From the Desk of Dr. Kent
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“Happiness is the meaning and purpose of life, the whole aim and end of human existence.”
It would seem this may be the most important pursuit we strive for. Books, songs, movies, plays all depict the struggle to find it. People will pay any price to get it. This is likely the reason depression is such a serious illness. It is the opposite of happiness. It is anti joy.
For the purposes of rigorous study and collaboration among researchers depression has been defined using strict criteria. In the US, the most widely accepted criteria is contained in The Diagnostic and Statistical Manual or DSM. The DSM has undergone multiple revisions based on ever evolving research. The latest edition is DSM V. The DSM V criteria for diagnosing major depressive disorder require that the symptoms last 2 weeks or more and have at least 5 of the following symptoms: a low mood or a loss of interest (anhedonia), significant weight loss or weight gain, insomnia or hypersomnia (excessive sleep), subjective feelings of restlessness or being slowed down, fatigue, feelings of worthlessness or guilt, poor concentration, recurrent thoughts of death, suicidal thoughts. The criteria also state that symptoms cause significant impairment in social, occupational and other areas of functioning (1). Understandably, every type of discipline, religion and philosopher has tried to find remedies for depression. Some of these do work or provide some relief. People who are depressed will feel stress about many things that may not normally bother them. Since in some cases, major depression is persistent and recurrent, it leads to despair and eventually to hopelessness. Individuals cannot tolerate this for long and end up becoming suicidal and prone to suicide attempts and hospitalizations. In some cases they complete suicide.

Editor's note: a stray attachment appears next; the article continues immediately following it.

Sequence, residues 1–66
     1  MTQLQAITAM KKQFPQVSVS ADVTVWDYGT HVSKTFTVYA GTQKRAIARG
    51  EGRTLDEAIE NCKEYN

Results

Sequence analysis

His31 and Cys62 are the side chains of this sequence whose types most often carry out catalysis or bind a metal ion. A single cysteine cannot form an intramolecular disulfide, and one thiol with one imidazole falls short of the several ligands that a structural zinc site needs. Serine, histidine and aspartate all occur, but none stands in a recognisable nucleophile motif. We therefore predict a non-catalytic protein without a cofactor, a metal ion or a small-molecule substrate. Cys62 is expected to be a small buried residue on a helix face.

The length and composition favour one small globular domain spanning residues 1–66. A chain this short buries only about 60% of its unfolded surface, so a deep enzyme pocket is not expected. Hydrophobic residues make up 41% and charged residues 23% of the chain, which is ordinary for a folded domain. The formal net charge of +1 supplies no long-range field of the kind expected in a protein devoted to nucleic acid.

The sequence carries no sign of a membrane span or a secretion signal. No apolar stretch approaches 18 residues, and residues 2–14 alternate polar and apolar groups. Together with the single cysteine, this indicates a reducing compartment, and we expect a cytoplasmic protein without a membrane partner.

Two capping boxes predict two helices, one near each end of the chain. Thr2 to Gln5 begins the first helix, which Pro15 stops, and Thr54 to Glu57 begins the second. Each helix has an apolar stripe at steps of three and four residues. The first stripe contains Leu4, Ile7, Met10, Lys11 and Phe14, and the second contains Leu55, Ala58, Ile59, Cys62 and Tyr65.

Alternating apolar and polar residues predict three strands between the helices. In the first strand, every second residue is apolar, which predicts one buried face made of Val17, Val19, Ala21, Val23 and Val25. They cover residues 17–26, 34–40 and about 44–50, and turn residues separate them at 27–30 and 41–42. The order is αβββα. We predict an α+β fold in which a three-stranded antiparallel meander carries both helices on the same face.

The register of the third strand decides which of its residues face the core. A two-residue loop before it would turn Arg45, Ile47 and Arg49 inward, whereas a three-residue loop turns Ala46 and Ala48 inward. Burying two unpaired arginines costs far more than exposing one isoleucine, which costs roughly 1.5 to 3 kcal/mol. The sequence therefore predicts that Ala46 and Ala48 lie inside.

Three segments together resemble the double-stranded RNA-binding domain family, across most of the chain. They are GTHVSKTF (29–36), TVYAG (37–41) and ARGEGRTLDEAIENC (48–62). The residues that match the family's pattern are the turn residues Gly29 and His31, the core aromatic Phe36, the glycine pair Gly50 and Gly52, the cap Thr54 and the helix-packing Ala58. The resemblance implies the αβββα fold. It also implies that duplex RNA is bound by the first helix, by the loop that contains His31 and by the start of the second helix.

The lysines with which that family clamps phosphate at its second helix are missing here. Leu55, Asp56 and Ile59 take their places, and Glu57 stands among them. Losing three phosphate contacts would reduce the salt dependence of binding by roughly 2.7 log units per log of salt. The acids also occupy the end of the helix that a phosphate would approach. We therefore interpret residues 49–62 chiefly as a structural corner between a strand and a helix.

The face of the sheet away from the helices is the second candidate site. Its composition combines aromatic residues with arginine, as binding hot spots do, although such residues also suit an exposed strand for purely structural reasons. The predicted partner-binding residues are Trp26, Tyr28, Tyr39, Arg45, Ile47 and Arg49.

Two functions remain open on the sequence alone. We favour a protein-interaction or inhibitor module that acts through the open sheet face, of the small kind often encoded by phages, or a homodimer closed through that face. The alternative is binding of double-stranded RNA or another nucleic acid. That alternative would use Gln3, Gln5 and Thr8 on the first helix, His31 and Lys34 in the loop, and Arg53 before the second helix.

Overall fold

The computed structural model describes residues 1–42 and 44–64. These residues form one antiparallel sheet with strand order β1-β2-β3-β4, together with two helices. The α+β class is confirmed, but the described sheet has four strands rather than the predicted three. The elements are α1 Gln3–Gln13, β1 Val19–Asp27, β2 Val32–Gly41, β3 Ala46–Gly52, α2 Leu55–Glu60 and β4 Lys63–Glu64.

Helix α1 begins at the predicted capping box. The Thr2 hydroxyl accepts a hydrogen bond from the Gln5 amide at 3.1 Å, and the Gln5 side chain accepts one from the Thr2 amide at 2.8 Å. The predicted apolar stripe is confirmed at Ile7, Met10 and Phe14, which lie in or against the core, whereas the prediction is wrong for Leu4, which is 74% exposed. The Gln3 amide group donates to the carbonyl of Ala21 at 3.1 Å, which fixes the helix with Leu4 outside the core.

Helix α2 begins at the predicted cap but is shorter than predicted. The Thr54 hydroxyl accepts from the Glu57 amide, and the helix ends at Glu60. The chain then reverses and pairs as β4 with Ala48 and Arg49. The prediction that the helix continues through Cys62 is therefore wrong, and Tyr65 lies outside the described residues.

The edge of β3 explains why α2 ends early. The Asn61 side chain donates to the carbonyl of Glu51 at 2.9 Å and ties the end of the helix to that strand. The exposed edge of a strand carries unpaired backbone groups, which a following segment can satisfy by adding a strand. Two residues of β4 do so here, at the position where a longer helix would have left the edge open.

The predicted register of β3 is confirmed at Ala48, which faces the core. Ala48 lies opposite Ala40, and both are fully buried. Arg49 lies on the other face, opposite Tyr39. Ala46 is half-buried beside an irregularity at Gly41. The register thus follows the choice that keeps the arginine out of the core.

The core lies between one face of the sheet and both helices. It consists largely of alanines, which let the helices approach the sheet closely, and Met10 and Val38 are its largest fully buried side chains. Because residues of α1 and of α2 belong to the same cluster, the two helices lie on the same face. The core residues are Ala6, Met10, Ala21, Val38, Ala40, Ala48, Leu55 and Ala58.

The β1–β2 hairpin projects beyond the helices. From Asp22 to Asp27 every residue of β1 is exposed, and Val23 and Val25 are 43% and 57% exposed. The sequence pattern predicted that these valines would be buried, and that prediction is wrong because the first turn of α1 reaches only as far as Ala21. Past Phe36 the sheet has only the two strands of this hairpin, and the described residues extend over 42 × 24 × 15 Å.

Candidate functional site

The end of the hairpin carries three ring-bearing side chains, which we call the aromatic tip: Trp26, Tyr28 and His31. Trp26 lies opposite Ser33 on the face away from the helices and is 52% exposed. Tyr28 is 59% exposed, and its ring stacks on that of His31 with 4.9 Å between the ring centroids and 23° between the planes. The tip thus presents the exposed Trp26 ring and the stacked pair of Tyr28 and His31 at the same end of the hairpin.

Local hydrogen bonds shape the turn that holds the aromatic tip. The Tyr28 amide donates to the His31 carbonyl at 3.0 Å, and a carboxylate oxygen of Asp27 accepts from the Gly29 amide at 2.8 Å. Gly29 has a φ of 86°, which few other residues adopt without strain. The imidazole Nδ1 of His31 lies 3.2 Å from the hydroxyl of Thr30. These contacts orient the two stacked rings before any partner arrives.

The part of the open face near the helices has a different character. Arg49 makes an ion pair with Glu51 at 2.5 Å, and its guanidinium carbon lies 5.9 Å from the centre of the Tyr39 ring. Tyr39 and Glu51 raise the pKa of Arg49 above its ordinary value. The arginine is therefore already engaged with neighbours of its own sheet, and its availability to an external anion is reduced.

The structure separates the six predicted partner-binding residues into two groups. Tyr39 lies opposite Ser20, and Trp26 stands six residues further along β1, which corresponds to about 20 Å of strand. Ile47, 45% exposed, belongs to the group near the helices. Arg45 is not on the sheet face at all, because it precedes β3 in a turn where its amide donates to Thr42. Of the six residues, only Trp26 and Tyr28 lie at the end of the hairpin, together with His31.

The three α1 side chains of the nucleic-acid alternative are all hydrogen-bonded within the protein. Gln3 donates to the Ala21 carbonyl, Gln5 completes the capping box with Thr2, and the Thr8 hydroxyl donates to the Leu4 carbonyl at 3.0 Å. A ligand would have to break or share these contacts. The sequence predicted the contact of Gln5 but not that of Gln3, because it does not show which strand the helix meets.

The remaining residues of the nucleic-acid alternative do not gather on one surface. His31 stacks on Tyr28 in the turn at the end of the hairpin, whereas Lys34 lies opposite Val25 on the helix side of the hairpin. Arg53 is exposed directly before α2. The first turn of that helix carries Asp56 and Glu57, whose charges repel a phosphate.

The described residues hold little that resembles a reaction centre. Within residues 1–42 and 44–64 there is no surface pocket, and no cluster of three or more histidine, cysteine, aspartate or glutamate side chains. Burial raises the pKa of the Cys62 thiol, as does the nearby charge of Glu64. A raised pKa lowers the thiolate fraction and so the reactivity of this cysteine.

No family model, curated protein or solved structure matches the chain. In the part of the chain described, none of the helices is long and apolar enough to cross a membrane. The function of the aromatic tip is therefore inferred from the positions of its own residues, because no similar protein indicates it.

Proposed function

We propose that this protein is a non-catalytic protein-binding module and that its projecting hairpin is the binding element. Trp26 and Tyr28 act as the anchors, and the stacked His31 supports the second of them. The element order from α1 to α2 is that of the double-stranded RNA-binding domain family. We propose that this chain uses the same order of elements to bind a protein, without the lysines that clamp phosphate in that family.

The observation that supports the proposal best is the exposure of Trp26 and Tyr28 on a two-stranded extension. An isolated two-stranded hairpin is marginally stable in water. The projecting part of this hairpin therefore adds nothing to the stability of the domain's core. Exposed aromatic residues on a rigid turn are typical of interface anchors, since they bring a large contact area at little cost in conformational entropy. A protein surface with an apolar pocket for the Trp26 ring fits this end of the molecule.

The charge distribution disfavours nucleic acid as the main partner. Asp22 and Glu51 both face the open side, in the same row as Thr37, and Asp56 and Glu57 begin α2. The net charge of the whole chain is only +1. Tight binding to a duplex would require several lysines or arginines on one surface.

Seeing how the pursuit of happiness seems be an instinctual drive, depression is something everyone would like to avoid. There are many established treatments backed by research data that are effective for depression, which include antidepressants, certain well defined psychotherapies (cognitive-behavioral or CBT, interpersonal psychotherapy, psychodynamic therapy, problem-solving therapy, in individual and group formats ) (2), electroconvulsive therapy and transcranial magnetic stimulation (TMS). All of these forms of treatment have value and are effective for depression.
Combining medications with psychotherapy has been shown to be more beneficial than either one alone. TMS and ECT currently come into play when medications and psychotherapy are failing. Due to its very safe profile, TMS may be considered earlier in the treatment of depression. Third party payor such as Medicare and Blue Cross still won’t cover TMS until there are at least 4 medication failures + psychotherapy.The only treatment besides psychotherapy that doesn’t have any systemic side effects is TMS. Medications drop off in effectiveness with each successive trial and show diminishing returns, so some patients are opting to forego their insurance coverage to try TMS earlier. Electroconvulsive treatment is still a viable options in patients who have lost hope after many failed attempts with different treatment options (see my blog on TMS vs ECT).
Happiness is attainable, but recognizing and treating one of its worst enemies, depression, is paramount.
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The Diagnostic and Statistical Manual or DSM V
The American Psychiatric Association’s Practice Guideline for the treatment of patients with
major depression, third edition.
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